The "big 3" and half my pack weight:
Pack: Osprey Viva 3.5 pounds
Sleep system: Klymit (30 inches wide) 2 pounds
Sierra 20 degree down mummy bag 1.5 pounds.
Big Agnes HV UL2 Copper Spur and ground cloth 3 pounds (last minute swap)
Sleeping: Merino wool hat, down booties, fleece pullover and leggings, fresh underwear
Added: down jacket (it got down into the 30's)
Gear: bear bag kit, fire starting kit, first aid kit, earplugs, UV light and extra batteries, UCO headlamp, water bottle, camera, phone, earbuds, charger, toilet kit, digital thermometer, camp towel, toothbrush/powder, and a comb and one extra hair tie.
Actually used: earplugs, water bottle, camera, phone (to listen to music, there was no cell coverage), earbuds, thermometer. I also used the bear bag, but mostly to show my hiking partner how to use the PCT method. That's right. I did not brush my teeth, my hair or treat my water!
Consumables: 1 liter of water, 3 protein/meal bars, 2 packs of gummies, 2 coconut chews, breakfast wafers with nut butter, I will stop en route and get a burrito for dinner. I also have my vitamins in a tiny baggie.
Added: Monster energy drink (a POUND) for morning
1 liter of water will be plenty as the trail we are doing crosses or parallels various creeks over 80% of the route.
I will wear my Chacos to hike in and have my hiking poles.
I opted to not take my down quilt because I think it will be really muddy and wet and I don't want to get it messy. My Sierra Designs down bag is a little tougher...and a little heavier.
Total pack weight at trailhead: 20 pounds with food and water
So we hiked Walls of Jericho. Kimberly had not been there before and I thought, "eh...I'm not in shape. Let me start the season with the hardest trail IN THE STATE." Then I relented and we went in and out the TN side, which is 2 miles longer and 50% easier than the AL side.
We took the red trail to see Mill Creek Blowhole, then hooked into the white trail and stopped for the night at Clark Cemetery. It was already dark when we were setting up, I did not think it would take so long to hike in! We had a full moon to help!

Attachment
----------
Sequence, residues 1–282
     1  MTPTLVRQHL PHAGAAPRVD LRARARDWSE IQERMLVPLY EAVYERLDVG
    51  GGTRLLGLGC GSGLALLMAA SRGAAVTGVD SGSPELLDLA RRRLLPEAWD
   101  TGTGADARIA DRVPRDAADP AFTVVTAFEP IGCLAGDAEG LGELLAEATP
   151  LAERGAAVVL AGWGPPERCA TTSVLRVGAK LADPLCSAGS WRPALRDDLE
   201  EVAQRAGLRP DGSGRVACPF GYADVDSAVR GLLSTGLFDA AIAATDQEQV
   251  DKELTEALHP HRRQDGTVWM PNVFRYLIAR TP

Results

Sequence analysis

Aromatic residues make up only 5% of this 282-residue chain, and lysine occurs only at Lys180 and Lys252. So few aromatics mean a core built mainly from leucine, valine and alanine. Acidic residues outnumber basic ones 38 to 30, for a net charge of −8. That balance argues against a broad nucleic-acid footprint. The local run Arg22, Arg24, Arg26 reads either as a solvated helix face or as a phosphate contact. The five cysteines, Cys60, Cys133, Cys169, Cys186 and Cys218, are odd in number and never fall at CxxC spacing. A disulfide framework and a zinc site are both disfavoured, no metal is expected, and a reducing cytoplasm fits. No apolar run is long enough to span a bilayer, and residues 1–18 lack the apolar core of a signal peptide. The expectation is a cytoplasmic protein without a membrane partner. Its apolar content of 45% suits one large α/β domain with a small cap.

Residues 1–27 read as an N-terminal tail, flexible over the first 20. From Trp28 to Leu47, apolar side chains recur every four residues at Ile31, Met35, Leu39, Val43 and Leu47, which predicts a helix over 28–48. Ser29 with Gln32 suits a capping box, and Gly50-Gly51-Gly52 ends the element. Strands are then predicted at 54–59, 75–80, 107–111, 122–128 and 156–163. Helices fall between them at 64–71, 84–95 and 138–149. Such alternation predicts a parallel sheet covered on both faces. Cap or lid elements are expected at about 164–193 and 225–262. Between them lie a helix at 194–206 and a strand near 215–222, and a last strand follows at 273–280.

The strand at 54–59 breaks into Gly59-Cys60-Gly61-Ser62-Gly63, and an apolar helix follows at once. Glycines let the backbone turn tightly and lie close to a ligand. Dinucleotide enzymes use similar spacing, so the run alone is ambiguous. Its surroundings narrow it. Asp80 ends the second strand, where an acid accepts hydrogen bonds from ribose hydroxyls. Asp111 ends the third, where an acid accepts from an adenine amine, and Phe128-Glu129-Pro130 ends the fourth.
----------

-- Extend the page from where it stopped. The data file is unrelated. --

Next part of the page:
My backpacking vitamin regimen
Ibuprofen, turmeric, biotin, allergy tablet, valerian root
It dropped into the mid 30's, I was able to get warm, but not stay warm. When I moved to get more comfortable, the heat in my bag would foof away and I would have to build up body heat again. It took until about midnight to get the inside of the tent warmed up. I am not a furnace by ANY stretch.
We got going just after 6 a.m. It was right after Kimberly woke up and announced she did not want to be awake, or move, then promptly got up.
We camped on this slope because the flatter areas were so damp. It was not the best choice, but it was already dark and we were tired. I slid a little on my pad and kept touching the lower wall with my feet, which kept them cold. Plus, I was on a rock or root that was just under the ground, I could feel it through my pad. That sounds more miserable than it was, it was more of an annoyance really. But enough so that I will be more careful next time!
We were nearly against the cemetery
The early sun was glorious!
We got back to camp and finished packing up, letting our rain flies dry a bit in the sun.
I was shaking mine and watching the rainbow that would appear in the droplets as they sprayed up in the light. I did it four or five times before my inner emo said, "Stop it. That's your spit." Spitbow. Ew. It was the condensation on the inside of the rain fly.
I love these! Yummy Earth gummies. There are peach, strawberry, cherry, and banana.
If you don't see the banana ones, you are not alone. :( Or cherry, but the banana are my FAVORITE. I once got a packet that was all banana. I squealed I was so excited.
I love this patch.
I also ate these. Very good, better when not partly frozen though.
There are 3 blazes in this shot, they keep going up and up. The trail was SO DANG STEEP for about 3/4 mile, it never stopped climbing.
Still, it was better than the AL side that climbs for a solid 2 miles.
NEARLY AT THE TOP!
And still nearly...
Made it! I took this shot to give an idea of how far away the next level of terrain is, to show how much that last climb does, but photos never give the perspective I want. Just imagine all of the trees on the forest floor are 800 feet tall and that will be pretty close.
We hiked out in 4 hours, which was faster than we walked in and that was nearly all downhill. I was FAR more tired after the hike in, I could not believe how easy the climb out was compared to last year. I think the Honeycomb Trail is helping!